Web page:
The plan was to arrive, participate in the first scheduled whitewater rafting session at 11:00 AM, then schedule a second whitewater rafting session for the afternoon. Between sessions, the group could eat lunch and participate in some of the other activities available at the center. For some in the group, it was their first experience with whitewater rafting, so there was some anxiety as the group went through the requisite safety training session run by one of the Center’s excellent rafting guides. We were shown (graphically!) how harmful the T-handle on the end of the paddles could be if you didn’t hang onto them at all times. After the safety briefing, the group suited up with PFD’s, helmets and paddles and were assigned a raft and guide. The size of the group made it ideal to all stay together in one raft. The guide was terrific, and helped everyone feel at ease as we started with one of the less challenging routes. Each “session” consisted of three trips down the various man-made rivers, followed by a conveyor trip back up to the top. The second and third trips down during the first session featured increasingly challenging rapids and an introduction to “surfing”, where the raft gets positioned in the back-current directly behind a submerged obstruction. Totally fun! By the end of the first 45 minute session, everyone (even the guide!) had gotten dunked in the man-made river.
The group scheduled the second session for 2:00 in the afternoon, then went to grab some lunch. After lunch, the group wanted to try the Climb-2-Zip activity, which involved climbing a rope net to a platform, then taking a zip line to the ground on the other side. Little did we know that the line would take well over an hour and force us to exit the line and return to the rafting area in order to make our second scheduled rafting time. Our second rafting guide, “Sunshine”, was entertaining and fun, as the entire group enjoyed the challenging rapids of the Competition Channel, “Zoom Flume”, and “Big Drop”. After the second session, the group split in order to allow scouts to participate in whatever other activities the Center has to offer. Not much later, a storm front moved in with wind and lightening, causing many of the activities to be temporarily shut down. As the rain came pouring down around 4:30 PM, the group decided to head back to High Point. Everyone agreed it was a great trip and a rewarding experience. Thanks to everyone who helped make this trip a success. The next Venture Patrol trip will be an extended backpacking trip planned for this Fall.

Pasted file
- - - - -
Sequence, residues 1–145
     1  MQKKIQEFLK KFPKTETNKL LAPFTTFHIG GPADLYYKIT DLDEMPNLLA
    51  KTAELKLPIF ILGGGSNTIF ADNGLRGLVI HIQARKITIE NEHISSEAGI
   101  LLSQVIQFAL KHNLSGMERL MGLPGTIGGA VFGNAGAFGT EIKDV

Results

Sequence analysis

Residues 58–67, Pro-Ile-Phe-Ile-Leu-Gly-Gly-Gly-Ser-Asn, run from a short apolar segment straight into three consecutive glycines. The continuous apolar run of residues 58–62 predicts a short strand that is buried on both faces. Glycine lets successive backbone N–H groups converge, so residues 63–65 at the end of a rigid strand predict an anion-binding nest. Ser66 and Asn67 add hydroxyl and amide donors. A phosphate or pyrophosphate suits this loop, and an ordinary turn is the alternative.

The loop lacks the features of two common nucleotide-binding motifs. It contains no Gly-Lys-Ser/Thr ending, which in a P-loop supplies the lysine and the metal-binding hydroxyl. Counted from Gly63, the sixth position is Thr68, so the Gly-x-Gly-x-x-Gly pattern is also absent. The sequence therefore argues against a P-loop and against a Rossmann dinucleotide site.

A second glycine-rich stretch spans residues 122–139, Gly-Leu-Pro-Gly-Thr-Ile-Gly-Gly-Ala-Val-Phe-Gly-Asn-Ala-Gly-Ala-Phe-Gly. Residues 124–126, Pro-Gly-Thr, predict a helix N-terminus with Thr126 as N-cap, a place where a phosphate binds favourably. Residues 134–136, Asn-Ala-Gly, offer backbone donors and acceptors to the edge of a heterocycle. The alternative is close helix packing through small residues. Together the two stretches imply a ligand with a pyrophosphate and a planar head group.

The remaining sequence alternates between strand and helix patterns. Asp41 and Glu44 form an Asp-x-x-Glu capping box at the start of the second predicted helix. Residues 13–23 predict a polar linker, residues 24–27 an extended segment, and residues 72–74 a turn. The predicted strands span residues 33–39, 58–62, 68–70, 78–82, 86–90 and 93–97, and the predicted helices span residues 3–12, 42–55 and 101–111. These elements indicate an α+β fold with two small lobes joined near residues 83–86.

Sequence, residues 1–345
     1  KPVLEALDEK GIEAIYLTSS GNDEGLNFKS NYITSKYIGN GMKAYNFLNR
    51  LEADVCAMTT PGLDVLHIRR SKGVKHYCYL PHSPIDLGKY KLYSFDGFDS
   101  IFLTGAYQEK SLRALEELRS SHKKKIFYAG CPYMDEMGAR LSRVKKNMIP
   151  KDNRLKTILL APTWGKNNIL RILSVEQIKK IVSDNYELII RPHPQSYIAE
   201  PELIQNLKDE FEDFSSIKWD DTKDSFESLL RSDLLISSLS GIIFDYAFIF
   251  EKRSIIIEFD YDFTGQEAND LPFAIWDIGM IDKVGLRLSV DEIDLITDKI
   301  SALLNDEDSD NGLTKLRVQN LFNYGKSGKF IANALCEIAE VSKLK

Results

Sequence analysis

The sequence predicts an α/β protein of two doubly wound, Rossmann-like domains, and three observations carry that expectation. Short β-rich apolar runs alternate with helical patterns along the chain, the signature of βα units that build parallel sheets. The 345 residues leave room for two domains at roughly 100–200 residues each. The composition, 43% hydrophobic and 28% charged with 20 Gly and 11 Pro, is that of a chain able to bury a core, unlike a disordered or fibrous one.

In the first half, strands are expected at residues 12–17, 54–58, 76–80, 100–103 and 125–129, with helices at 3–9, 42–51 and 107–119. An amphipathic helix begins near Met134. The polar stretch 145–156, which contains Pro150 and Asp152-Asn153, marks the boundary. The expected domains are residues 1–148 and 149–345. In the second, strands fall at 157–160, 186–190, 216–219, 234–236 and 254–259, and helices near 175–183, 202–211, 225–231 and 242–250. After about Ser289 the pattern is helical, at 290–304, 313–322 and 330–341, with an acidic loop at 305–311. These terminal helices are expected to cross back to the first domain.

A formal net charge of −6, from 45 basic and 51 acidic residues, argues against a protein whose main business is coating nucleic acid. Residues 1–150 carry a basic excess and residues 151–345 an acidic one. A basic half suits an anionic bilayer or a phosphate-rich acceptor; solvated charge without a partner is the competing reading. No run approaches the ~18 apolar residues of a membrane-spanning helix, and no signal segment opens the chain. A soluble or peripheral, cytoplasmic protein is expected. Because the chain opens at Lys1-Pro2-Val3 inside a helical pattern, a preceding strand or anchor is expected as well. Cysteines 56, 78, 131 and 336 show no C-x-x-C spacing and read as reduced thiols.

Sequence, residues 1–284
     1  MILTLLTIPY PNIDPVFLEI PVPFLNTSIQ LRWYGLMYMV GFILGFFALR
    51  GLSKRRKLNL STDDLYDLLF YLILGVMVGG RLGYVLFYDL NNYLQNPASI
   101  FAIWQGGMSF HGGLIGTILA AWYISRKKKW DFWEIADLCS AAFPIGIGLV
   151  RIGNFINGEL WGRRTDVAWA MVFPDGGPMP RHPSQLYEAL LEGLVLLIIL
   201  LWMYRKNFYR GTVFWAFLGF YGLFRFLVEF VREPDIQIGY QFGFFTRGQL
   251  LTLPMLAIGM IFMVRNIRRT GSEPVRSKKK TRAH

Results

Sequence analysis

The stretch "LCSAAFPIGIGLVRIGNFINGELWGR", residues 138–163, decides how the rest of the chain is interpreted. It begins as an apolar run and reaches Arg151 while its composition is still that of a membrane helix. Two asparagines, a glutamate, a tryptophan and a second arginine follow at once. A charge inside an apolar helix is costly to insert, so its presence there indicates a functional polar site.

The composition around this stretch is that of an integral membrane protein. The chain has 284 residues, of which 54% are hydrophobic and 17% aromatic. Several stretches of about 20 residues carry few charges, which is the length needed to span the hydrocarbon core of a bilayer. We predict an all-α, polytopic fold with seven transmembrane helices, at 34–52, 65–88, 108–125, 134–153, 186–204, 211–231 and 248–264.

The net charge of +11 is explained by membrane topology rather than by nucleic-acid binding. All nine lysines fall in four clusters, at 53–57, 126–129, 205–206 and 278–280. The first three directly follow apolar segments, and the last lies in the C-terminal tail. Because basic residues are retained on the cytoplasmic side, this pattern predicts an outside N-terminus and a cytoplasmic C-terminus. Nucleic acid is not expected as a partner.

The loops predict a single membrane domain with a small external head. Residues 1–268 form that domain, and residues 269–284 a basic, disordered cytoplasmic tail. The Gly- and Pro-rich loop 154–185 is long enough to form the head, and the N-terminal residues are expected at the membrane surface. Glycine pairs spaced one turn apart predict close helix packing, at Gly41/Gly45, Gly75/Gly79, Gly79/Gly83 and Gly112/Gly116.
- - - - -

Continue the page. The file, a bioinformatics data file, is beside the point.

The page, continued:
Finally, a backpacking trip without rain. I have been on more than half a dozen backpacking trips and all of them have rained except this one. The weather was nice, even though in the valley it dipped to 15 degrees freezing our water. Grayson Highlands never ceases to amaze me.
We started on the trail Friday night with headlamps donned. What a great experience to be out in the wilderness at night. Some scouts decided to use the moon light to guide their way. As we arrived to camp, the famous Grayson Highland wild ponies greeted us. We setup camp and prepared for a big day. Austin, Landon and Brian decided to sleep under the stars with just their sleeping bags and mats. They loved it.
We decided to split into two groups for the rest of the trip and it worked out wonderfully. Four scouts, who have never been backpacking, stayed at base camp just off the Appalachian Trail (AT), just outside Grayson Highlands State Park. The other group hiked 8 miles to their next camp.
I was impressed with our older scouts, as they arrived to camp they filtered water, setup their sleeping arrangements, gathered firewood, started the fire with flint and steel, etc. All with no assistance from the adults. Well done guys. Austin finished his Wilderness Survival Merit Badge by making a shelter and sleeping in it. Landon learned to sleep in his new hammock and it was one of his highlights.
The younger scouts took a day hike to Mount Rogers, the highest Point in Virginia. They filtered their water near the Thomas Knob AT shelter, and learned how to use a backpacking stove, among other skills.